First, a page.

> You could transfer a track or two at a time using MIDI or SMPTE time
> code to synchronize the DAW with the Darwin.

This seems pretty realistic, I've seen my PC sync to the Darwins MTC.
But I'm wondering how accurate it can be? MIDI data transfer rate is
31250 baud (3125 bytes per second if including start and stop bit),
transferring a timecode would takes a few bytes, so it might be
possible to attain accuracy within a few milliseconds, but would
sample-precise alignment be possible?
Anonymous
January 15, 2005 2:09:37 PM

Archived from groups: rec.audio.pro (More info?)

In article <1105784265.145356.217000@z14g2000cwz.googlegroups.com> mrjb@dnd.utwente.nl writes:

> Yes, it's an 8-track machine, and actually already equipped with ADAT
> sync. Meaning, if I can get synchronized audio to the Darwin,
> transferring it to multiple ADAT tapes is the least of the problem.
> Main reason not to get an ADAT lightpipe/sync card for my PC is driver
> compatibility.

If it can derive word clock sync from the incoming lightpipe stream,
then all you need is a lightpipe interface for your computer. The
Frontier Design Wavecenter PCI card is cheap, reliable, and they keep
drivers up to date. Transfer all 8 tracks in one pass and they'll
maintain their time relationship.

http://www.frontierdesign.com/products/wavecenterpcimai...

If it's not documented or not on a menu somewhere, you can test the
Darwin's ability to sync its word clock to the incoming data by
hooking up an ADAT to it and trying to transfer a recording without
connecting the ADAT sync cable between the two units. If that doesn't
work (the symptomp will be clicks on the Darwin copy), I'm almost
positive that you can set the Wavecenter card so that it uses incoming
lightpipe to synchoronize the word clock (check with Frontier on
this). So all that takes is a lightpipe cable from the Darwin OUTPUT
to the Wavecenter INPUT (and of course the proper menu selection) and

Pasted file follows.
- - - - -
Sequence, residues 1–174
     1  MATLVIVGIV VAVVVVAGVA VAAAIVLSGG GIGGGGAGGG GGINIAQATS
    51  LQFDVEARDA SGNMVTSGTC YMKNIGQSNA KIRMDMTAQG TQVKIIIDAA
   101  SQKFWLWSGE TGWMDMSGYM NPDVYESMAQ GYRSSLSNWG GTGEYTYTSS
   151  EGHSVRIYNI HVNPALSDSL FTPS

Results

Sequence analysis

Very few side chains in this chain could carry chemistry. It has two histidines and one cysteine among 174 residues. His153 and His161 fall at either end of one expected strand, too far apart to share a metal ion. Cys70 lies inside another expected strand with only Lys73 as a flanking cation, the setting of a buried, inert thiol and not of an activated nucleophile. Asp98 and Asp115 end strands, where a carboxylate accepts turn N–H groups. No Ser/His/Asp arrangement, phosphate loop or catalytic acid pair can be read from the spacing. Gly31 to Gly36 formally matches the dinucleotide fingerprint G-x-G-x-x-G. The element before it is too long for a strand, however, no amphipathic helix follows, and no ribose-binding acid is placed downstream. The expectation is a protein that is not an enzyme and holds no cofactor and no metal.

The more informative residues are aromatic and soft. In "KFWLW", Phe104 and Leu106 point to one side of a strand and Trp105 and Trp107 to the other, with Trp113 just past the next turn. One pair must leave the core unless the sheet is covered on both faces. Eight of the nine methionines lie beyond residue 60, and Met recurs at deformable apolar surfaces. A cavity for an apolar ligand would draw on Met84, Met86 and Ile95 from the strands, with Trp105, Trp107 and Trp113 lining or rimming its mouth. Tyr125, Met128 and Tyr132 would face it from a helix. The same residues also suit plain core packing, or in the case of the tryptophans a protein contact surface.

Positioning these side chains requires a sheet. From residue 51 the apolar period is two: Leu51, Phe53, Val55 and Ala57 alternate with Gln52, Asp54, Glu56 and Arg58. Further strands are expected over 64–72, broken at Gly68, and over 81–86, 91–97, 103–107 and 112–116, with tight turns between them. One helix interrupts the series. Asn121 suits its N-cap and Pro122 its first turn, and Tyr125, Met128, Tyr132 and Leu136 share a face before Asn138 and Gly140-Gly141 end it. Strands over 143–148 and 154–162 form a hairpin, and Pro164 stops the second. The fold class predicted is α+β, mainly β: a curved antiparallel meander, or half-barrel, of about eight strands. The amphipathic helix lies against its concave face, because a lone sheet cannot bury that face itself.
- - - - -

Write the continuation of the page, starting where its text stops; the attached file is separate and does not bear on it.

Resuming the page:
the data will be synchronized - no clicks and pops.

You can see how that works by connecting both lightpipes between the
Darwind and the ADAT and setting the ADAT's clock to DIGITAL input.

> > You could transfer a track or two at a time using MIDI or SMPTE time
> > code to synchronize the DAW with the Darwin.
>
> This seems pretty realistic, I've seen my PC sync to the Darwins MTC.
> But I'm wondering how accurate it can be? MIDI data transfer rate is
> 31250 baud (3125 bytes per second if including start and stop bit),
> transferring a timecode would takes a few bytes, so it might be
> possible to attain accuracy within a few milliseconds, but would
> sample-precise alignment be possible?

You can't get sample-accurate sync this way, but you probalby don't
need it. Time code sync is sufficiently accurate for music. The only
place where it falls down is if you have a lot of leakage between
tracks and transfer two tracks in two passes that have substantially
the same program material. But if your recordings are made a track at
a time or with good isolation between tracks, you won't have any
trouble with time code accuracy.

I just checked the web site and the Wavecenter card is more expensive
than I remembered. Maybe it's just not as popular as it used to be.
But it's still in production and still supported, so if you find a
second hand one for $100 or so (I was surprised not to see any on
eBay) you'll have no problem using it. Still, I think it would be
worth pursuing. It will be a lot easier and more reliable than doing
it a couple of tracks at a time with time code sync.


--
I'm really Mike Rivers (mrivers@d-and-d.com)
However, until the spam goes away or Hell freezes over,
lots of IP addresses are blocked from this system. If
you e-mail me and it bounces, use your secret decoder ring
and reach me here: double-m-eleven-double-zero at yahoo
!